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Category: History and Memory

The poverty of utopia revisited

In 1989 massive protests erupted from an increasingly restive population. The language of the intellectuals finally reached the people. The regimes found themselves unable to use tanks and bullets to maintain their utopian blueprints. Disenchantment with Marxism was a cathartic experience for Eastern Europe.

The story of Marxism in Eastern Europe begins with Stalinist fanaticism and ends with liberal revolutions in 1989. As the ideological determination of the elite faded through the second half of the 20th century, intellectuals advocated for human rights and dignity. Eventually, the wider populations revolted against communist totalitarianism, and the regimes found their pillars of terror and propaganda insufficient for ensuring continued domination. But with nationalist and fascist ideologies rising today, the journey of humanism in Eastern Europe goes on.

May 2, 2019 - Jordan Luber Vladimir Tismaneanu

The circle of hope: Samizdat, tamizdat and radio

I left Poland in 1970 with no hope that things would ever change for the better. Back then, would you dare to hope that Soviet communism could implode with just a little outside help?

I first got involved in dissident activity with a group of friends in high school during the early 1960s. During my studies at Warsaw University, my engagement with the movement grew. However it was all rather innocent then – mostly discussions about the past, present and the future, and some attempts to unnerve communist activists during public meetings at the university by asking awkward questions on issues such as the Katyń massacre or the exploitation of Poland by the Soviet Union. It was innocent until Jacek Kuroń and Karol Modzelewski were imprisoned for three years in 1965. After that, our group – built around Adam Michnik – started to be harassed by the secret police.

May 2, 2019 - Eugeniusz Smolar

The Polish Round Table. A bird’s-eye view

Today, the 1989 Round Table is still a topic of an important discussion in Poland, one that in the last years has become more intense than before. Many participants of the discussion are still active in Polish political life, including former presidents and prime ministers. A majority of them stress the positive aspects of the negotiations. Yet the Round Table has always had fierce critics.

The Polish Round Table negotiations, which started in February 1989, were one of those events whose meaning was not clear from the very beginning. In a way, we can compare this moment of Polish history to Julius Caesar’s crossing of the Rubicon in 49 BC, after he ignored the order of the senators who were well aware of his high ambitions and wanted to keep him away from Rome. It marked the beginning of the end of the Roman republic, while from that moment on, the phrase “crossing the Rubicon” refers to a decision, or a historical event, which brings about irreversible consequences.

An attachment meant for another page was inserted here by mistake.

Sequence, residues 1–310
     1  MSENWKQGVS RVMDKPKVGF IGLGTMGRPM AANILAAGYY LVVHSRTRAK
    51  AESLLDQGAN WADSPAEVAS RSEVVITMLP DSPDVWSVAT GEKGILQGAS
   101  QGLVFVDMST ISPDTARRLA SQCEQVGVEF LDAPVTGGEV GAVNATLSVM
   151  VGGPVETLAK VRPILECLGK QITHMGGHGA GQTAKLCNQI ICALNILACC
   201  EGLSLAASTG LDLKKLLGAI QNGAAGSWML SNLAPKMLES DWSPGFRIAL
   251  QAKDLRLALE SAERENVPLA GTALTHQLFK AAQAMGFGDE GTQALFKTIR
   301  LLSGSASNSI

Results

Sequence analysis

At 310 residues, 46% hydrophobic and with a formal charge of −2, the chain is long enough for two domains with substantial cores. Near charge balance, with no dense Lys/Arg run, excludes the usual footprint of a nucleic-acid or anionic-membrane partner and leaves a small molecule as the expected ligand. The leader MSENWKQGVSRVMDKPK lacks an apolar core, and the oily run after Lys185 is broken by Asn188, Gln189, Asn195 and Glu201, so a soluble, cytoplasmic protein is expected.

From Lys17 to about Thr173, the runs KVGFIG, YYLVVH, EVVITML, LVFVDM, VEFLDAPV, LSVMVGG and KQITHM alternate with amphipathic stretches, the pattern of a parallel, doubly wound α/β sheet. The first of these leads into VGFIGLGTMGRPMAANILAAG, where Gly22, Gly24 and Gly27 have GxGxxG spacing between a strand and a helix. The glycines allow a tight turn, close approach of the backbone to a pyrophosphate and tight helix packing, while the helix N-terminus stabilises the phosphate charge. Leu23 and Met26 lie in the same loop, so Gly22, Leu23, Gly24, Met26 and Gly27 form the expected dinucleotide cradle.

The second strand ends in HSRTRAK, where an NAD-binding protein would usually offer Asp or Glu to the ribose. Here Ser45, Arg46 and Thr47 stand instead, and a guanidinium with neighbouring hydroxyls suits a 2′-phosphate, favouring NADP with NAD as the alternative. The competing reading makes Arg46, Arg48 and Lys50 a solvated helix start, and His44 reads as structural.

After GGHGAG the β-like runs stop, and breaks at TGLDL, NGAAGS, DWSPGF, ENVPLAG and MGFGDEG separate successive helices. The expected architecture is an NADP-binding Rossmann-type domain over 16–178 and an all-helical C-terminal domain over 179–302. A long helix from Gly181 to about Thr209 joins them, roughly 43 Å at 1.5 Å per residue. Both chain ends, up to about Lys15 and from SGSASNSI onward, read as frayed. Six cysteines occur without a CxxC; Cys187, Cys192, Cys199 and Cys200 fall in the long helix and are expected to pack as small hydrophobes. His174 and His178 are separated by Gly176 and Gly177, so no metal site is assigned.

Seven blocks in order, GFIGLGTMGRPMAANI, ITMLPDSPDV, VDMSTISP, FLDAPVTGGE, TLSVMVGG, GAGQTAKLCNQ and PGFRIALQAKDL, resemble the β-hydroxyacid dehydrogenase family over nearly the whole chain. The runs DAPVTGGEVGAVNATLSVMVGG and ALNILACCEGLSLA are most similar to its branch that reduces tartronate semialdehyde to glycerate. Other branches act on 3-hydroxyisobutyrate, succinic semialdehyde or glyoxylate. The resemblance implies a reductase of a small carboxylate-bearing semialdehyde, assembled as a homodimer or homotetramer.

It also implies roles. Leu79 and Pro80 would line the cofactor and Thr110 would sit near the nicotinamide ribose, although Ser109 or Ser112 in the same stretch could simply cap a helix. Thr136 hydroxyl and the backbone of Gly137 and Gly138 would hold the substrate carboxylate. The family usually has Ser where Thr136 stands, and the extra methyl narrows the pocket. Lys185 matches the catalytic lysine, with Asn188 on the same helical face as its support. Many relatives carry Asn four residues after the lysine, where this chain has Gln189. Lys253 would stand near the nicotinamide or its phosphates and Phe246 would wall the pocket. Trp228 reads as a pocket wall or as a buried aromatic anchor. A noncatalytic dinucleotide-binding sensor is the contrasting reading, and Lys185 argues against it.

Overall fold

May 2, 2019 - Paulina Codogni

The bodies of the Velvet revolution. Remembering 1989 in the Czech Republic

During the 1990s, the commemoration of November 17th 1989 was dominated by the generation of witnesses and former dissidents. Today, it is mostly in the hands of the younger generation that did not directly participate in the events of 1989; they must find other ways to formulate the significance of the commemoration.

Národní Street in Prague has become a place of commemoration of the last Czech (Czechoslovak) great historical turning point – the fall of the communist regime. On November 17th 1989 a student march was violently repressed here. This event triggered nationwide social changes leading to the fall of state socialism. The two authors of this article do not have the events of November 1989 in their living memory, yet in our teenage years, the surge of our parents’ generation was the closest one can get to the so-called “great history”.

May 2, 2019 - Čeněk Pýcha Václav Sixta

No bloody revolution

The year 1989 unfolded quite differently for Hungary than the rest of the Central European states where there was some sort of revolution. As opposed to all other countries in the Eastern bloc, the new political system that came into place was seemingly designed in advance.

The consensual term for the historical events that took place in Hungary in 1989 is rendszerváltás. In Hungarian it literally means “changing of the system”, as in Changing of the Guards. There are two other versions: rendszerváltozás (“the change of the system”, using an intransitive verb) and rendszerváltoztatás (“making the system change”, with a transitive and causative verb), reflecting some politico-linguistic subtleties that may be hard to grasp for a non-Hungarian speaker. The word “system” has special Hungarian connotations here, meaning the constitutional order or form of state.

May 2, 2019 - János Széky

Beyond nostalgia